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I have the following XML:

<List xmlns="http://schemas.microsoft.com/sharepoint/soap/">

This is a slimmed down version of XML being returned from a SharePoint web service. I also have the following xPath:


When I remove the xmlns from my XML the xPath works fine. When it's in there my xPath finds nothing. Is there something I should be doing differently with my xPath? Modifying the XML is not an option.

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One of the many duplicates: stackoverflow.com/questions/11345/xpaths-and-default-namespaces –  user357812 Mar 9 '11 at 19:45
No that is not a duplicate. That question specifices C# while this is strictly xpath/xml. Also, his namespace isn't blank, while mine is. –  Abe Miessler Mar 21 '11 at 14:37
You need some level of abstraction... You are asking how to select elements under the default namespace with an XPath expression. This is the most FAQ. –  user357812 Mar 21 '11 at 16:09

3 Answers 3

up vote 10 down vote accepted

I also have the following xPath:


When I remove the xmlns from my XML the xPath works fine. When it's in there my xPath finds nothing

If you cannot register a namespace binding and use (assuming the registered prefix is "x"):


then there is another way:

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The List element has been defined with a default namespace and this is adopted by all elements inside.

You therefore need to ignore the element namespace like so:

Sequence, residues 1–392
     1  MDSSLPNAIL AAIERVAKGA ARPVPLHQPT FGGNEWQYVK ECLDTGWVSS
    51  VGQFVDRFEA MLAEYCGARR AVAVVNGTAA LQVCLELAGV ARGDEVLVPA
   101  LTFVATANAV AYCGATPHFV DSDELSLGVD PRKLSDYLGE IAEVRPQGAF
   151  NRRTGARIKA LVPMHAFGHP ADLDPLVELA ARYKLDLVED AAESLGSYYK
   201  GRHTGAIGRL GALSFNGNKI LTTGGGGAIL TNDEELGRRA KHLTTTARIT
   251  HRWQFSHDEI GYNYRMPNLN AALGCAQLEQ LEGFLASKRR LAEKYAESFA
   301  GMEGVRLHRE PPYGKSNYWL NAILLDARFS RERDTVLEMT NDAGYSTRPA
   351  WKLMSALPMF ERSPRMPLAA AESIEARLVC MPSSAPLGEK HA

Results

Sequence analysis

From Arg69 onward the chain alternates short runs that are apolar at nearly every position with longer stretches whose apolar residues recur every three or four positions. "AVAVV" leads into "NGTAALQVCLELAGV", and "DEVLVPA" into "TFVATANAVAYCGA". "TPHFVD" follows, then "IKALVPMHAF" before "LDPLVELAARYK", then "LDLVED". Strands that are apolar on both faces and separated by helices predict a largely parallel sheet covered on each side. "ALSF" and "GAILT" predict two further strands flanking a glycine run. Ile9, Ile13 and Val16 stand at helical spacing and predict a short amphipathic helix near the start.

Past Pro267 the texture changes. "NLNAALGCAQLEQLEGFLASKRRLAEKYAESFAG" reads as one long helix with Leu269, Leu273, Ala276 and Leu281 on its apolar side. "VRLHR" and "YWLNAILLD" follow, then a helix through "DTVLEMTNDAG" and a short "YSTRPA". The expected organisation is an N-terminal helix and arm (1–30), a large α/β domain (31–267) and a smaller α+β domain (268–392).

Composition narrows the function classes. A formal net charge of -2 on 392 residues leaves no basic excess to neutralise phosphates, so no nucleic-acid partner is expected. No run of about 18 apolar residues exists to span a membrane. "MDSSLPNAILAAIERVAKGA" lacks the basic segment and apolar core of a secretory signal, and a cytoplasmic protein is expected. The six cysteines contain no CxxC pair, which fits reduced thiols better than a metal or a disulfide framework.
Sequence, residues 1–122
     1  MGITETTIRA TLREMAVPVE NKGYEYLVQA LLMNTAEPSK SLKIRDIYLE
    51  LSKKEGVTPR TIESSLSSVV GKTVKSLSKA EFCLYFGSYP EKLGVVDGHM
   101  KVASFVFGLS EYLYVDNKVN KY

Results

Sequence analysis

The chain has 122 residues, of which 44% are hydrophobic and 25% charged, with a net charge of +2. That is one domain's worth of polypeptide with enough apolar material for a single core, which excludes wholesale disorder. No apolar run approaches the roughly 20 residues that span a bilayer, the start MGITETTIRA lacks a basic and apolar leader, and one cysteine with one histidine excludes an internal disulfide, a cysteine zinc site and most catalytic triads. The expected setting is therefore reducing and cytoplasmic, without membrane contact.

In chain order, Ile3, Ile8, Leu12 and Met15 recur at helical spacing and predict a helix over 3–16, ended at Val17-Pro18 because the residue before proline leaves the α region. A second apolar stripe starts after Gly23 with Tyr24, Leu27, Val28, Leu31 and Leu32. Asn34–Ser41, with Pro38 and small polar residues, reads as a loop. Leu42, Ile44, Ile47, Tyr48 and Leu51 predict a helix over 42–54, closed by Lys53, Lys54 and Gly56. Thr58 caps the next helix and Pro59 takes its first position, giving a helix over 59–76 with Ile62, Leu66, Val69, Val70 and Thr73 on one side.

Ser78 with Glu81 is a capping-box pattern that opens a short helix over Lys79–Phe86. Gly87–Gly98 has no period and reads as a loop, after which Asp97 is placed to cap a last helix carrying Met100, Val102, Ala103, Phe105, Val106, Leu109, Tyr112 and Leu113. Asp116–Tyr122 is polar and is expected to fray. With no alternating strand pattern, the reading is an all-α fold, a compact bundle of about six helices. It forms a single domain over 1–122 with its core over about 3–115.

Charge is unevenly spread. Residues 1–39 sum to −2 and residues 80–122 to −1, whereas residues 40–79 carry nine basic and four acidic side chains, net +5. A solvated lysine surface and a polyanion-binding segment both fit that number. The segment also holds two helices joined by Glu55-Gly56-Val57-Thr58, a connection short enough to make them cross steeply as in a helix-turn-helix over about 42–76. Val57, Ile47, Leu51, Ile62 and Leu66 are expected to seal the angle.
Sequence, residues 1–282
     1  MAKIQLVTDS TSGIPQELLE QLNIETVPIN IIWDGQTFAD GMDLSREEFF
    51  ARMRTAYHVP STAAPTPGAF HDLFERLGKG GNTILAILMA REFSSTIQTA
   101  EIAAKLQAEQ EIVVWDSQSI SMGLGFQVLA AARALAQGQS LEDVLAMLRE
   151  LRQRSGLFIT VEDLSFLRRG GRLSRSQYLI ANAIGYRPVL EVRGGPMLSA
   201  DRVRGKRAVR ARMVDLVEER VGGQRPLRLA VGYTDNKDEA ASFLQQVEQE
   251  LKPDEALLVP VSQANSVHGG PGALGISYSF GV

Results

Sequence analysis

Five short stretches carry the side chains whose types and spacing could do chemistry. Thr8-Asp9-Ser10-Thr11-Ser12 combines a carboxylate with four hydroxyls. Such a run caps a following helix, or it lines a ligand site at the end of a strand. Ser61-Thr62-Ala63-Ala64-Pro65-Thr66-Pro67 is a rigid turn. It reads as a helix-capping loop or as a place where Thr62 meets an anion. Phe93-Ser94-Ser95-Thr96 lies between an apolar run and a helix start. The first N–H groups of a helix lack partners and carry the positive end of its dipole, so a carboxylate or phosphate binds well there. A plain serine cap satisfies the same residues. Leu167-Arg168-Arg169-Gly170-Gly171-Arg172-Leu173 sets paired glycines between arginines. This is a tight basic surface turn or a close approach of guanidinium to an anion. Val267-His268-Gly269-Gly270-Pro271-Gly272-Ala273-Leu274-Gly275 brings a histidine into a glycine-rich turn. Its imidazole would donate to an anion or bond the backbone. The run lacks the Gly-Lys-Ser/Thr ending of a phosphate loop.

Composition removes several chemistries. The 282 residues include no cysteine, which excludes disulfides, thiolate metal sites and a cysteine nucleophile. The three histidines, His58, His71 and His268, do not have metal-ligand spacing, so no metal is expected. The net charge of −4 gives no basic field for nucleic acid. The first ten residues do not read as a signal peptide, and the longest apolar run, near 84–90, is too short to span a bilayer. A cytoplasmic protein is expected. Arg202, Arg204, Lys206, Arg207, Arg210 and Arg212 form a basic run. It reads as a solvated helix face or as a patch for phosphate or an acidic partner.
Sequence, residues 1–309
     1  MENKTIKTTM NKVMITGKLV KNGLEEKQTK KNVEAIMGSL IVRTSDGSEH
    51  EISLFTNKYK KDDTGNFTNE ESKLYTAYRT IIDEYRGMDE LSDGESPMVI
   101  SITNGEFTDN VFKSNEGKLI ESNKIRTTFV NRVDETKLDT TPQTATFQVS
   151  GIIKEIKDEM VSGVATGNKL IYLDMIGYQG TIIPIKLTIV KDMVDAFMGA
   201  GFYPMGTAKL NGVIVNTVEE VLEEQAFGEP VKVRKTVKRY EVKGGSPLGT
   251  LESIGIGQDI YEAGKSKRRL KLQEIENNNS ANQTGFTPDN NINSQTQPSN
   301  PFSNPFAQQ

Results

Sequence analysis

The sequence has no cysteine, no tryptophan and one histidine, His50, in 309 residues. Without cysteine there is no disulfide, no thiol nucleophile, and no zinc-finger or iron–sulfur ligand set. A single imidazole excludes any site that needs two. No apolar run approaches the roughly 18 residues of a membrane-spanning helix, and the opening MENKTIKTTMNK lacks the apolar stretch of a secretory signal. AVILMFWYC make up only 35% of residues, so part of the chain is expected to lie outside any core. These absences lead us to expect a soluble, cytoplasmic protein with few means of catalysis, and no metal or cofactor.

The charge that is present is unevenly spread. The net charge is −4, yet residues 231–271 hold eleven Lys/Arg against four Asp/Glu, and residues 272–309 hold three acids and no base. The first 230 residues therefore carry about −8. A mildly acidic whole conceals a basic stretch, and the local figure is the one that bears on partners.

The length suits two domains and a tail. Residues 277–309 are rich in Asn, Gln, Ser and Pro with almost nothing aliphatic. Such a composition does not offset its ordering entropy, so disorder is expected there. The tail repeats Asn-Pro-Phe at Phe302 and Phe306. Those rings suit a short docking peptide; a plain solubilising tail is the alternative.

but this means that the xpath will pick up any other element with List - Fields - Field

You can do a namespace check as well as a local-name check like so:

/*[local-name()='List' and namespace-uri()='http://schemas.microsoft.com/sharepoint/soap/']/*[local-name()='Fields' and namespace-uri()='http://schemas.microsoft.com/sharepoint/soap/']/*[local-name()='Field' and namespace-uri()='http://schemas.microsoft.com/sharepoint/soap/']

Or you can register the namespace with the library and the explicitly specify the prefix for that namespace and at it to xpath expression, the method of which is dependent on the library you are using.

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You most likely have to register that namespace uri with your xpath library. Depending on the library, you may be able to use the 'default' prefix or you may need to give it a named prefix and use that in your xpath queries.

For example, in php (since you didn't specify a language) using DOMXPath you could do something like this:

$xpath = new DOMXPath($document);
$xpath->registerNamespace('x', 'http://schemas.microsoft.com/sharepoint/soap/');
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Yeah, I'm a .NET guy and normally my solution would be the .NET equivalent of that. Unfortunately we are using a third party "rapid" development environment that won't give us the ability to do this... –  Abe Miessler Mar 9 '11 at 0:03
Also, why do they even include a namespace if there is no prefix? (the x: portion of your xPath) –  Abe Miessler Mar 9 '11 at 0:03
There is a namespace. It's just using the 'default' prefix in this particular file. The file would be semantically identical were it <foo:List xmlns:foo="http://schemas.microsoft.com/sharepoint/soap/"><foo:Fields><foo:Field‌​></foo:Field></foo:Fields></foo:List> –  Anomie Mar 9 '11 at 0:10
@Abe Miessler The namespace you've mentioned in your xml is the default namespace for the root element and its child. In your xpath you have to use the same uri namespace, but not the same prefix, which is only a label. If you don't register your namespace, your xpath refers to element with empty uri. You can also register your namespace with empty prefix, so your xpath doesn't need 'x:' prefix. –  javanna Mar 9 '11 at 0:16
@javanna: I've never been able to convince php's DOMXPath to allow registering a uri for the default prefix, hence the 'x:'. –  Anomie Mar 9 '11 at 0:20

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